The Department of Homeland Security assumes that mass detention is the key to immigration enforcement. But in fact, our detention system locks up thousands of immigrants unnecessarily every year, exposing detainees to brutal and inhumane conditions of confinement at massive costs to American taxpayers. Throughout the next two weeks, check back daily for posts about the costs of immigration detention, both human and fiscal, and what needs to be done to ensure fair and humane policy.
"Kimberly," a South American mother of three who fled to America to escape an abusive husband, wound up imprisoned at the T. Don Hutto immigration detention center in Taylor, Texas after being captured by immigration authorities while crossing the Rio Grande River from Mexico. After immigration officials determined she had a credible fear of persecution if she returned to her home country, Kimberly was granted her release.
But her exposure to the dark and largely secretive world of our nation's immigration detention system was just beginning.
As she was being driven to the airport in Austin, Texas by an employee of Corrections Corporation of America, the nation's largest private prison company that manages Hutto, she was sexually assaulted. Her driver, identified in court papers as Donald Dunn, pulled over to the side of a dimly lit road and told Kimberly, under the guise of a "search," to lift up her arms and spread her legs, then lifted her shirt and began touching her breasts and grabbing between her legs. Dunn later ordered Kimberly to touch him.
Kimberly's story epitomizes the tragic costs — both fiscal and human — of mass immigration detention, an immense lock-up system that subjects scores of individuals to unnecessary imprisonment and brutal and dehumanizing conditions of confinement every year, with taxpayers footing the bill. Today, the American Civil Liberties Union is making public for the first time information from documents obtained through the Freedom of Information Act that shows the breadth of the national problem of the sexual abuse of immigration detainees. The information is being made public in concert with the filing today by the ACLU of Texas of a federal class action damages lawsuit on behalf of Kimberly and two other immigrant women who were sexually assaulted while in the custody of Immigration and Customs Enforcement (ICE) at Hutto, along with numerous others who experienced similar trauma.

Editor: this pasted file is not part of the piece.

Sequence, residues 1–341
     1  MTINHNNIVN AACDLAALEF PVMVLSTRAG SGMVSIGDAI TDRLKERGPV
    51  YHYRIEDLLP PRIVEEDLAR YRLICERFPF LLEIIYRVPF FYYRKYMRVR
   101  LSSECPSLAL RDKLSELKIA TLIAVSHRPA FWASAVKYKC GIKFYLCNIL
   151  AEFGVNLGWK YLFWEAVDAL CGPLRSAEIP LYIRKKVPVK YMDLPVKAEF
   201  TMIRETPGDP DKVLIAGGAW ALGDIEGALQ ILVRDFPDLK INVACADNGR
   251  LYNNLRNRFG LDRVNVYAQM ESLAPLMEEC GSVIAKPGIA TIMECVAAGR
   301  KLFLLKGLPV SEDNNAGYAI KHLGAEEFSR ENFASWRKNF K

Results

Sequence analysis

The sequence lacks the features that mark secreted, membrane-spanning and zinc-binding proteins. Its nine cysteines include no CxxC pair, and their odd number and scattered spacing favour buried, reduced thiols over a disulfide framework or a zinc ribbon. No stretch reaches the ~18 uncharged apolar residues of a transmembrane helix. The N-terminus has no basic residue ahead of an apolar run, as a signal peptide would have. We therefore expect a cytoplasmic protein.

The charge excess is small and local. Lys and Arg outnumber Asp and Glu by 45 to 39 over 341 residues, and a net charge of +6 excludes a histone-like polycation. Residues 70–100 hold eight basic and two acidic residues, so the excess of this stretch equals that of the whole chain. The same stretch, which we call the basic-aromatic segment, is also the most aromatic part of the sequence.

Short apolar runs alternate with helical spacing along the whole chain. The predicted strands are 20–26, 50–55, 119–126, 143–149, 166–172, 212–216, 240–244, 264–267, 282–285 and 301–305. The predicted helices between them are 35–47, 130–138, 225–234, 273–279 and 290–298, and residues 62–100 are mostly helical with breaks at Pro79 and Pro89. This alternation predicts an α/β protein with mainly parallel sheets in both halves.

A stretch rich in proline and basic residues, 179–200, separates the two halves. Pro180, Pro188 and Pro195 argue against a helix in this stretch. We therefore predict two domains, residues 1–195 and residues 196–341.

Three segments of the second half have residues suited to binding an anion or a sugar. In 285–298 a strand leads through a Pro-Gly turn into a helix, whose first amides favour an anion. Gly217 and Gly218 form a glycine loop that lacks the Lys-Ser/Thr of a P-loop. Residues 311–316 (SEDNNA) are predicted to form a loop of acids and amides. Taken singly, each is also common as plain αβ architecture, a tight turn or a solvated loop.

Over the next two weeks, Huffington Post and the ACLU's Blog of Rights will host a series exploring the immigration detention system and the harm it has caused countless children, men and women like Kimberly. Throughout this series, we will examine the causes of mass detention — such as ramped up federal immigration enforcement and prison privatization—and its consequences, including the needless detention of immigrants for months or years; the warehousing of mentally ill U.S. citizens; the rape and sexual abuse of immigrant women; and the deaths caused by deficient medical care.
Throughout, we will challenge readers to ask "why?" — why are we locking up immigrants in droves, at tremendous cost to families, communities and taxpayers, with little gain to public safety? Detention has reached crisis proportions, quintupling from 6,280 beds in 1996 to the current daily capacity of 33,400 beds. In 2010, DHS detained 363,000 people in over 250 facilities across the country. Detention is extremely expensive, costing taxpayers an estimated $166 to hold each detainee each day or $60,590 per detainee per year, or an average $5.5 million for the entire system every night. And despite the administration's commitment to "detention reform," there are no signs of shrinking. Indeed, the FY2012 budget requests more than $2 billion for detention, a record-high request representing a 6.3 percent increase over FY2011.
What we have bought with these billions is a lock-up system that violates basic rights and yields few benefits in return. Although detention is often justified as keeping "dangerous criminal aliens" off our streets, DHS itself acknowledges that the people in detention overwhelmingly pose no threat to our communities. Indeed, more than half of them have never been convicted of any crime, and those charged as being deportable based on a crime generally have non-violent or minor offenses. Nor is mass detention necessary to enforce our immigration laws with alternatives like telephonic and in-person reporting, curfews, and home visits available to prevent flight from the authorities. Indeed, DHS's Alternatives to Detention programs had a 93.8 % compliance rate in FY 2010 and at average of $8.88 per person per day.
Historic budget shortfalls are finally forcing policy-makers on the right and left to recognize that reducing mass incarceration makes fiscal sense and better protects our communities. It makes no sense to be expanding a comparable detention regime that costs too much in wasted dollars and ruined lives, and does little to make us safer. Our series seeks a reckoning with an immigration lock-up system that has spiraled out-of-control.
The Department of Homeland Security and ICE have consistently downplayed the problem of sexual assault of immigration detainees.